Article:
Sunday, April 24, 2005

The Wrong Line and How It Shaped Our Movie

So I hinted in the last post that we had the wrong line of dialog. It’s all my fault. In my crazed state of first time producer, director and all around smart guy, I couldn’t find the sheet that had the line of dialog. If that line was even a little off the film would not be eligible for the competition. A dozen people were starting to file into my house and I needed that damn, I mean darn, piece of paper.

Long story short, I called my co-worker’s team and asked for the line of dialog. Their producer said, “I’m not sure, I think it’s ‘I wasn’t always like this,’” or something like that. I can’t say for sure because, as I mentioned, I was crazed. It was not a malicious act to give us the wrong line, and in the long run it was good for us.

I doubt we would have gone with a time travel story if we had the line right. We decided that if you weren’t always like this, somehow you had to have gone back in time to make a change. With the collected brilliance in my living room, I’m sure we would have come up with something. But because we had the line wrong, we definitely were thinking about things other teams were not.

I woke up on time Saturday morning. Unfortunately, the lack of sleep made it very difficult to get out of bed. I’m not saying I slept in, but I planned to be at Boston Costume the second it opened at 9AM but ended up getting there sometime soon after 9. This would have been a symbol of the coming of a long, bad day, except of course, someone pulled out of the parking space directly in front of the store. One illegal U-turn and if I believed in fate, I would have agreed that it was on my side.

In my clouded mind’s eye I saw astronaut flight suits for my two 1950’s actors on the set of their ‘space-age’ mouthwash commercial. I knew Boston Costume was the place to go and it was. It was, that is if you wanted to drop $75 American on a 3-day rental for each suit. I had assumed a pricey rental cost so my back up plan was two $10 "Tyvek style" painter’s suits from Home Depot. Not to leave empty handed, they showed me the broken helmet for one of the space suits and offered to sell it to me for $20. It was a steal (and hardly broken). Later in the shoot day, friends Emily and Jen ‘futurized’ the Tyvek suits with colored electric tape, stencils and tin foil. The helmet topped off the ensemble and for under $50 bucks I had two original costumes that were better than I could have ever dreamed. (I have considered offering to sell them to Boston Costume.)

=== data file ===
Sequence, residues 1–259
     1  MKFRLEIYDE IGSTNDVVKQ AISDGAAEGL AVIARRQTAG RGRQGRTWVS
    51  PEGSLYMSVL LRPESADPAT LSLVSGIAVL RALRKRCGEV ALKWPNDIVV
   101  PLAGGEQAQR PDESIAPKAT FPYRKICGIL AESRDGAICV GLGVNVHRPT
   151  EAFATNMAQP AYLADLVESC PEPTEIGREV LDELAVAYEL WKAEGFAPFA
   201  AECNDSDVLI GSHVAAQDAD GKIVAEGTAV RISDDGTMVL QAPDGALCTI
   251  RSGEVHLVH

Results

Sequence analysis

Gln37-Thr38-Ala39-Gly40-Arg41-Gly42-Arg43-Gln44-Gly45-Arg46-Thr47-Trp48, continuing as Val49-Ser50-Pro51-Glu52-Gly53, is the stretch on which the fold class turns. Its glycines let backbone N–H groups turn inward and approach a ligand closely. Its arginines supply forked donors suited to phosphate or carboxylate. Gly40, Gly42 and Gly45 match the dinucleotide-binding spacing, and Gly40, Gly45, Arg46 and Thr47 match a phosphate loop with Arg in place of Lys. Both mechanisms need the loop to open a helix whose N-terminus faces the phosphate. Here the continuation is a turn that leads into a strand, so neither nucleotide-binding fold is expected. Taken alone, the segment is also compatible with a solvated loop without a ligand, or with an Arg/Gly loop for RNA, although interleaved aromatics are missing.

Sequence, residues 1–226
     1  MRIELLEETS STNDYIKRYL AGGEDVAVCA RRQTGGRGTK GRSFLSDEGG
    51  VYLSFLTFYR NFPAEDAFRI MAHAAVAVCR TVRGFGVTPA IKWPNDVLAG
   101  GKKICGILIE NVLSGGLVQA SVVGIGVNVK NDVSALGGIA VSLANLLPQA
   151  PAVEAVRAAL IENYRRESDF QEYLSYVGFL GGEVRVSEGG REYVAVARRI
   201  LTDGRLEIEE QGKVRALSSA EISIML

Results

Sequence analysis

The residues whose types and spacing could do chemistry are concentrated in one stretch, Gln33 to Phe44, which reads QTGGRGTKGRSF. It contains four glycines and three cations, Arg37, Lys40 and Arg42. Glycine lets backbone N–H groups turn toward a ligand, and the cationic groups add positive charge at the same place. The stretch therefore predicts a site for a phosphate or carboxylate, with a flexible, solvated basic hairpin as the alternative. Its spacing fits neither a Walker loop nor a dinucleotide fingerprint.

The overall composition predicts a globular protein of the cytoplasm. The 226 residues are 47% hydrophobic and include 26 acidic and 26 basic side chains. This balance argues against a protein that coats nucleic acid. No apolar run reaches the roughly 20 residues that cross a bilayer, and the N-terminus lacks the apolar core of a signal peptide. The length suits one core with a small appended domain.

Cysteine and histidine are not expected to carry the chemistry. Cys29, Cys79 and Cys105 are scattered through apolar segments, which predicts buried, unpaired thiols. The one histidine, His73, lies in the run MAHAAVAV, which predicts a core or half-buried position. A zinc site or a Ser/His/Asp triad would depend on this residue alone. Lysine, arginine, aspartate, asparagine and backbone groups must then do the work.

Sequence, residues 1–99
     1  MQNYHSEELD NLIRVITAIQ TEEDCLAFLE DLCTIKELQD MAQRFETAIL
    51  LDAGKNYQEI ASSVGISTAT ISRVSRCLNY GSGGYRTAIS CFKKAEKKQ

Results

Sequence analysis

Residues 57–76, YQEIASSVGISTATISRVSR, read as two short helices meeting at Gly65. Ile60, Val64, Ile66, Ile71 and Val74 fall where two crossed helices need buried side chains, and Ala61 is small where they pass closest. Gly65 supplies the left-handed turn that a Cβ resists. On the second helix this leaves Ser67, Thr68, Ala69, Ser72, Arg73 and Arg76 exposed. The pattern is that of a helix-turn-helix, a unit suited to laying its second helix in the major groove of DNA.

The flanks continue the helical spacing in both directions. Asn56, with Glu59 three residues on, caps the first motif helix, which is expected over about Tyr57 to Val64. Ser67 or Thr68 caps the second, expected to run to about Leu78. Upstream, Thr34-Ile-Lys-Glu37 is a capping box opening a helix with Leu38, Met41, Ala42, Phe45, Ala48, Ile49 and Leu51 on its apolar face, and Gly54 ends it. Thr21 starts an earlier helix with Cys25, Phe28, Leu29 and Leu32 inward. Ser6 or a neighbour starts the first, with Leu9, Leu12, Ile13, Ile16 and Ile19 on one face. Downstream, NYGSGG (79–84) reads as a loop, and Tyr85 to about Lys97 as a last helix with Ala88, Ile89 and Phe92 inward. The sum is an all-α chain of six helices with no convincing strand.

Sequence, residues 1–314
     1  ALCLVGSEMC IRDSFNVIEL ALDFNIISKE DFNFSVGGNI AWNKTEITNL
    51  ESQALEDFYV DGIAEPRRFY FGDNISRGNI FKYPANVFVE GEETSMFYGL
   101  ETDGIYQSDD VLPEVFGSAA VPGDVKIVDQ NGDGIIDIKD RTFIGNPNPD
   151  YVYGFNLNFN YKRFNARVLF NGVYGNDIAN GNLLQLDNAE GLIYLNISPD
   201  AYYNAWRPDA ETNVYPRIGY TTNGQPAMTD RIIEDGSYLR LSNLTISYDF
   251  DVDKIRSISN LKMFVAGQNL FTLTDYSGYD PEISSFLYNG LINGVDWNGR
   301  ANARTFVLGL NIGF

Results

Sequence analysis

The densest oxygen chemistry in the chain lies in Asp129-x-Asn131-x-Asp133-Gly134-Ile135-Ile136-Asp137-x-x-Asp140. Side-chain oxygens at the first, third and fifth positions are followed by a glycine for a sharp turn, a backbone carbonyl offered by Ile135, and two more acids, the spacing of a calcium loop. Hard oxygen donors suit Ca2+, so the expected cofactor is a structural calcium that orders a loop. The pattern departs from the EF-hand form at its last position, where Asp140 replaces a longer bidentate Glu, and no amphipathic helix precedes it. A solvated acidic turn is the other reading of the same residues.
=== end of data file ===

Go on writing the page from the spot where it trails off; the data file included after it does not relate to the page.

I also learned an important directing lesson here. I was no where near the costume design because I was on set trying to rally the troops and get something down on tape. I trusted the eye of two very talented people and was rewarded. I didn’t meddle or even have any instructions after I told my wife what to tell them. They ran with it and made amazing costumes. This is why I hate the term ‘independent film’. Collaboration is the key to making a film, of any length, scope or under any deadline. A huge team made a movie that one person could not have made.

More later…

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